HOLA leads the way at the Hispanic Community Center
PAINESVILLE, Ohio – An organization that provides services and fills the gaps for one of Northeast Ohio’s fastest growing demographics will soon have a place of its own. HOLA, a nonprofit organization that provides services and support to Hispanics and Latinos, on Tuesday inaugurated its new Hispanic Community Center and Commercial Kitchen, a hub for the organization’s support services, offers of vocational training and business incubator.
HOLA, which started 20 years ago as an informal group of Lake County Hispanic women who wanted to develop the area’s Latin American community, bought a run-down old auto garage on North State Street near downtown de Painesville in 2019. After years of planning, fundraising and soliciting donations and grants, the brick building will undergo a complete renovation estimated at $ 2 million.
A central hub for the organization’s efforts is badly needed as Painesville’s Hispanic population continues to grow. According to 2020 census data, Painesville has more Hispanics and Latinos than all other cities in Lake County combined.
âFor many of those 20 years that we have worked with the community, we have often struggled. We struggled to find our place, âsaid HOLA Executive Director Veronica Dahlberg, whose parents immigrated from Mexico and Hungary. âWe’ve had meetings in some of the most unlikely places here in Painesville. The community of Painesville has grown so much since the late 80’s and early 90’s. Some schools are 50% Hispanic. We really needed a home base to expand our programs and services to the community.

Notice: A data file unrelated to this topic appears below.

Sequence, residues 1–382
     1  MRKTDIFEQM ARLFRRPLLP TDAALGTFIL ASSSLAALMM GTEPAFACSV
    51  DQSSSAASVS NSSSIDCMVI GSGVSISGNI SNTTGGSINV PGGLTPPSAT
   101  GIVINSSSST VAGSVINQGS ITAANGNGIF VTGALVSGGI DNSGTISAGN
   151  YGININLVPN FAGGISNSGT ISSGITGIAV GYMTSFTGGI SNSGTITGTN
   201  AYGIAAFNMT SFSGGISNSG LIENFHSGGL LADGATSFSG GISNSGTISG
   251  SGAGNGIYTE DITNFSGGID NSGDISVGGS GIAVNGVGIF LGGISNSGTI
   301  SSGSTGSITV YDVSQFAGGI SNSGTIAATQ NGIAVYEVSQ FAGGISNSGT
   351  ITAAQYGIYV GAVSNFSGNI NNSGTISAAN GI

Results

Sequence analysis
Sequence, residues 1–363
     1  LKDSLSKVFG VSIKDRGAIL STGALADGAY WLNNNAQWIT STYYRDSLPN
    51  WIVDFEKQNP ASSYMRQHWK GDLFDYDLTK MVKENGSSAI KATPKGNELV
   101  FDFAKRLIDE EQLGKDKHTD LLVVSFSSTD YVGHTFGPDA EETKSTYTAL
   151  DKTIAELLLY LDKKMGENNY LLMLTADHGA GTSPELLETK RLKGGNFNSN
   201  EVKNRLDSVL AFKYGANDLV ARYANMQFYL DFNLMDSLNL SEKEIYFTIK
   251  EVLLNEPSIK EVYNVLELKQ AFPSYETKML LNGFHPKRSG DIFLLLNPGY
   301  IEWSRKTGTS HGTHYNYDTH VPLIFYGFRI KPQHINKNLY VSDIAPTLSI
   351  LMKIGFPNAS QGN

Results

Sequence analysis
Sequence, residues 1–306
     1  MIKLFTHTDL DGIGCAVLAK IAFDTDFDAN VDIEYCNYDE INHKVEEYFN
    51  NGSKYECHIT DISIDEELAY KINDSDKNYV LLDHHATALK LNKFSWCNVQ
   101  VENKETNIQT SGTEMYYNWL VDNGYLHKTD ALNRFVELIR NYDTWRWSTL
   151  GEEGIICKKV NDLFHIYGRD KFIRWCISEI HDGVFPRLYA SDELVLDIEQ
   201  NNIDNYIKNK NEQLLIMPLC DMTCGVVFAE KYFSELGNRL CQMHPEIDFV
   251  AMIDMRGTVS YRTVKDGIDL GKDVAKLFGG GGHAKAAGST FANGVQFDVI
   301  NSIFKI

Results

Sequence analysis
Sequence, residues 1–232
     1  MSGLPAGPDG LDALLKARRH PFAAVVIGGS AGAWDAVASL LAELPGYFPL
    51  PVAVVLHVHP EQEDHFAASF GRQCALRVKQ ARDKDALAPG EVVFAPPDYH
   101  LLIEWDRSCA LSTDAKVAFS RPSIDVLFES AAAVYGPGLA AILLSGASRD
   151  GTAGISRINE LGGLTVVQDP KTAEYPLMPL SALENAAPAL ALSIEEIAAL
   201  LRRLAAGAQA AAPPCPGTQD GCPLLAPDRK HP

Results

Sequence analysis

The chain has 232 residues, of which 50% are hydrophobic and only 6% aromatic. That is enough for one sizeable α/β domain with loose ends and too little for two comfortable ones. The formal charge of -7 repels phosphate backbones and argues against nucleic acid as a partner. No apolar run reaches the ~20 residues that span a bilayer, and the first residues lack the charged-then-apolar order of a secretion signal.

HOLA’s services run the gamut and have proven to be particularly critical during the throes of the pandemic. Overall, HOLA’s services help build a safety net of supportive services for individuals and families who are often excluded from mainstream services. The new community center will help improve and expand the organization’s offerings, especially in vocational training, GED courses and ESL programs.
“We also do a lot of immigration work, including preparing people for citizenship and reuniting people with their families, which has really been our bread and butter as an organization and what we are really for. known, âDahlberg said. One of the many people who have received support services through HOLA is Esperanza Pacheco-Padilla. In addition to helping her support her cleaning business, HOLA has also helped her navigate the country’s complex immigration and legal system. Padilla recently obtained US citizenship.
âIt’s a dream come true,â Padilla said through a translator. âHOLA is a place of sun, a ray of light. I’ve been with HOLA from the start and it’s amazing to be a part of this organization.
The $ 2 million community center, which also includes a commercial kitchen space for Hispanic micro-businesses, was funded by several public grants and private donations from philanthropic organizations. Representatives of these organizations joined city and county leaders for Tuesday’s groundbreaking ceremony.
âI have no words for it. It’s so humbling and heartwarming to have people like the Chief of Police here and so many in our community who just want to show up and support us, âDahlberg said. “What this center represents are opportunities to improve the academic results of our children and themselves in a space of trust.”
Construction is expected to be completed by mid-2022.